# Assign Mice to Holes | InterviewBit | Solution Explained

I explain the solution to Assign Mice to Holes on InterviewBit using visuals in simple words.

## 0. Assign Mice to Holes: Problem Discussion

### 0.0. IO Format

- input:
- N mice and N holes’ positions are given. Each mice takes 1 unit of time to move 1 unit left or right

- output:
- the minimum time taken to assure all mice are in holes

### 0.1. Examples

Take the case where we have [3,2,-4] as the positions of the mice and [0,-2,4] as the positions of the holes.

The mice at position -4 moves to the hole at -2. Similarly, mice at 2 moves to hole at 0 and mice at 3 moves to hole at 4.

This gives the total time as max(|-4 – -2|, |2 – 0|, |3 – 4|) = 2.

## 1. Assign Mice to Holes: Observations & Logic

### 1.0. Intuitions

The first thing that happened by default, as we plotted these mice and holes is that they got sorted according to their positions.

We then realize that we simply assigned the mice at index 0 to hole at its index 0 (both after sorting). In general, can we say that mice at index i gets assigned the hole at index i?

If we say that, the assumption then becomes that two mice will never cross, and only go to their corresponding holes.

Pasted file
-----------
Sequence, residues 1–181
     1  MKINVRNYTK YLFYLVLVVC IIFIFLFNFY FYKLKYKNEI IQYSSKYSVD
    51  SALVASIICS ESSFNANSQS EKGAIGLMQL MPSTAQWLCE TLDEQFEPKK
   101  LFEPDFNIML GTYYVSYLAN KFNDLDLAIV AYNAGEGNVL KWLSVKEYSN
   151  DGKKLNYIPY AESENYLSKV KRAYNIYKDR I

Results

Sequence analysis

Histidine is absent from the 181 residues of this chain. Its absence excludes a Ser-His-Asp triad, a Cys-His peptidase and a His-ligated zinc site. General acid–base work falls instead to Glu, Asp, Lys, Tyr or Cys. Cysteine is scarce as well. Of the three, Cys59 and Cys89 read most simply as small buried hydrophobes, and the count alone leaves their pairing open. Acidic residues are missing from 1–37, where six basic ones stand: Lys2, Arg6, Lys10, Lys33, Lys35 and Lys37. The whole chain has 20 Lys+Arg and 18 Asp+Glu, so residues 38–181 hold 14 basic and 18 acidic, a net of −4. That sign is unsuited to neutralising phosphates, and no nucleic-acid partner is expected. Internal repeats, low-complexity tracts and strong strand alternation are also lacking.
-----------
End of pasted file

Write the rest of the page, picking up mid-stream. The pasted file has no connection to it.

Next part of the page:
Can we prove it?

### 1.1. Proof

Assume that the mice do indeed cross. Let’s take a simpler case.

Since the mice do not have individual identities, we can split the path at the crossing point, and say that the left mice goes to the left hole, but now ends up taking a longer path, to do the same thing as before – it would simply be better if the mice did not cross. Thus, we have proved by contradiction that the mice will never cross each other.

## 2. Assign Mice to Holes: Optimized Implementation

### 2.0. Code

class Solution: # @param A : list of integers # @param B : list of integers # @return an integer def mice(self, A, B): A.sort() B.sort() ans = 0 for a, b in zip(A, B): ans = max(ans, abs(a - b)) return ans

### 2.1. Complexity Analysis

- Time:
`O(NlogN)`

, for sorting both the arrays A and B. - Space:
`O(N)`

, the space complexity for sorting in Python3. Other languages might have different space complexities depending upon the algorithm they use.

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